Ghostly encounters: is truth scarier than fiction?
Posted: Jul 09, 2016
Watch any recent Hollywood horror movie about ghosts and you're bound for a disappointment. Hollywood has lost touch with the narrative of the ghost story form, replacing the art of slow terror with its lazy cousin: the jump scare. While jump scares work, they are terribly ineffective when it comes to tapping into what really unnerves us about ghost stories. Like glowing goblins that pop out at you in a funhouse, jumps scares are over the minute they've occurred. Authentic horror, on the other hand, gets under your skin, and it's a rare artist that can realize this fact to its potential.
But what makes this sort of horror effective in raising hackles on our arms and necks? Perhaps it is the fact that it illuminates a core fear woven into the human experience, which is our own mortality. And here is where fiction collides with truth.For the movies that scare us the most are the ones with scenarios that are actually plausible; there exists the possibility that they could be true, and True Ghost Stories leave us with a most uneasy feeling indeed.
Haunted house stories are another extension of our confrontation with the unknown. We all have a connection to a place that we call home. We understand the emotional call of that place. We know that it is strong enough to call us back after we leave it—if not in dreams, then possibly after death. Reading haunted house stories and chilling stories of poltergeists, gives us the proper outlet for the emotional rage of the child who leaves the comfort of home. This is the metaphor of life when we're face to face with its end.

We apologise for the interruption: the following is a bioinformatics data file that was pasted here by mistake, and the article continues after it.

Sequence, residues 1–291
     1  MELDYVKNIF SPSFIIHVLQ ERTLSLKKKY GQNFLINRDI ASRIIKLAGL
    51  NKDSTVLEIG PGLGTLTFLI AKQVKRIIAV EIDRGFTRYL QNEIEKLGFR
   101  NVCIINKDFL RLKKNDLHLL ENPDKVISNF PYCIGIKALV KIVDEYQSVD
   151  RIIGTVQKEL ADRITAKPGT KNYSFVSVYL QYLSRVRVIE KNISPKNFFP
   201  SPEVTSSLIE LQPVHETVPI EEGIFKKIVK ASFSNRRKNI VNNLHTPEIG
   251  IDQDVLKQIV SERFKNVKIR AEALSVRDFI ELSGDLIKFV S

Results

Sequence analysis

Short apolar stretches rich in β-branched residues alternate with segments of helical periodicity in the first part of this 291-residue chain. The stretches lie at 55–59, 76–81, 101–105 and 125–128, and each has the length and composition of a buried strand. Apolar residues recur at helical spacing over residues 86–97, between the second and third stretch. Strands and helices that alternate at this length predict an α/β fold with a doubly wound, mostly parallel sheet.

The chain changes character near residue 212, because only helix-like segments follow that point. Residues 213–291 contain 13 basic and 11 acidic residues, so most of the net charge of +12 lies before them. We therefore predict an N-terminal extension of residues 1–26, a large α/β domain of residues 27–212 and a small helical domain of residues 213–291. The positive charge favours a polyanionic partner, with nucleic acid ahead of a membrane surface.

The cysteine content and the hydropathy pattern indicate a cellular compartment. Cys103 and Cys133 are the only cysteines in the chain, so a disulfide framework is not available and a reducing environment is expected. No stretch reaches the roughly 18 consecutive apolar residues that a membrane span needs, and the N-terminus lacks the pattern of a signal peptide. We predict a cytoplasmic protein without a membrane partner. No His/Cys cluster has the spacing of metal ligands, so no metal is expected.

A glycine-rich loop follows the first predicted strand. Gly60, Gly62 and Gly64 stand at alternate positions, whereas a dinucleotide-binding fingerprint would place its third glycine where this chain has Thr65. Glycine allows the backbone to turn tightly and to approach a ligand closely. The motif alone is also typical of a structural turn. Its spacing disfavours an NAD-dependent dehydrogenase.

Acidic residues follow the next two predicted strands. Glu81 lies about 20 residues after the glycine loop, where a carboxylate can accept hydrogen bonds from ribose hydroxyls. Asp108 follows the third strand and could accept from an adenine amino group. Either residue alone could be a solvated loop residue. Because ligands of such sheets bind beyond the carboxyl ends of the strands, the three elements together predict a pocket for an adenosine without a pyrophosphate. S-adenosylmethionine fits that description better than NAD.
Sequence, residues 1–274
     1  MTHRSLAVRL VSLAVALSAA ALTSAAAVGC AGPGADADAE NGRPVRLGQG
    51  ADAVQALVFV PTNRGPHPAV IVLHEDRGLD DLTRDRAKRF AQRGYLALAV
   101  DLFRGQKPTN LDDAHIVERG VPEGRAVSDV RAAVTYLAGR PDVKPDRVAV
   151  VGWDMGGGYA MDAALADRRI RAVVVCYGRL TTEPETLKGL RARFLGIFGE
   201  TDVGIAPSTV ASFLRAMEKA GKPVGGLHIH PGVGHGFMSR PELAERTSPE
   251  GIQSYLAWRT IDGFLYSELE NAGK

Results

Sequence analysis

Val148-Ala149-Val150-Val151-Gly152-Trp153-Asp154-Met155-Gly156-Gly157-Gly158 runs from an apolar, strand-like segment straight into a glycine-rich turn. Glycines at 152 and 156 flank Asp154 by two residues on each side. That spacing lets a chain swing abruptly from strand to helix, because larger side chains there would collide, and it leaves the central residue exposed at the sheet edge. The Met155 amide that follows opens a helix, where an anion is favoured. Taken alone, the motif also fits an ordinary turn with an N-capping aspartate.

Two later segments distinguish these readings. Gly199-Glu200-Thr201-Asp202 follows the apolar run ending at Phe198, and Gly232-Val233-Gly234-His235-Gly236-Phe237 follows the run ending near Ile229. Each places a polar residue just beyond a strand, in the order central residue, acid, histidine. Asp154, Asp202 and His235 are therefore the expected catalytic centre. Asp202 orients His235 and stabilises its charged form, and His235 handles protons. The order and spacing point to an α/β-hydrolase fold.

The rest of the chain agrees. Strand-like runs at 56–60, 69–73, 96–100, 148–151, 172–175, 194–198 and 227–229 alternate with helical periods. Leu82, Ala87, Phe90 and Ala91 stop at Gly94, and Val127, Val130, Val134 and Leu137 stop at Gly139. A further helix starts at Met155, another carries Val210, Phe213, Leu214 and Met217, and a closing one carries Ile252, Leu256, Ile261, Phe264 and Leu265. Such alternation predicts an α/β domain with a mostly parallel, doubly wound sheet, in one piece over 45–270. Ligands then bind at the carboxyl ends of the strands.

In one of the most brilliant haunted house stories, Ambrose Bierce's "The Suitable Surroundings", a man reading a ghost story tells the writer of the story that he is unmoved by it. The writer then chastises the man for reading his work in broad daylight on a busy streetcar, and insists that the man must read the story in suitable surroundings: in a deserted cabin in the middle of a forest, at night, by the light of a single candle. The story is a perfect exercise in setting as a means of conveying fear. Bierce describes the desolation of the cabin in the woods—purported to be haunted, of course—so well that the reader is right there with the characters.
True ghost stories bring this setting home, literally. Our most cherished place is transformed into a holding place of the damned. Our cozy spaces are suddenly infested with the brambles outside the desolate cabin.
Even unbelievers are not immune to the power of unexplained phenomenon stories. Renowned skeptic Michael Shermer, writing in Scientific American, once related a story (http://www.scientificamerican.com/article/anomalous-events-that-can-shake-one-s-skepticism-to-the-core/) about a broken radio belonging to his bride's dead father began to mysteriously play on their wedding day, stopping the day after and never working again. Shermer related the story as one that shook his skepticism. Events such as these may not break a skeptic's iron-clad resolve to find non-supernatural explanations, but for a moment, they, like Shermer, are shaken. And a harmless old radio can, for a moment, be transformed into a communication device for lost souls yearning reach out to us from beyond.
To this point, who among us has not tucked their foot inside the covers at night, lest a cold hand wraps its brittle nails around our ankle in the dark? Is anyone really a skeptic who has been in that situation, if only for a brief moment? If the answer is no, then for that brief moment, ghosts do exist.
And in moments like that, we confront the void.
Author of True Ghost Stories and Hauntings: Chilling Stories of Poltergeists, Unexplained Phenomenon, and Haunted House Stories
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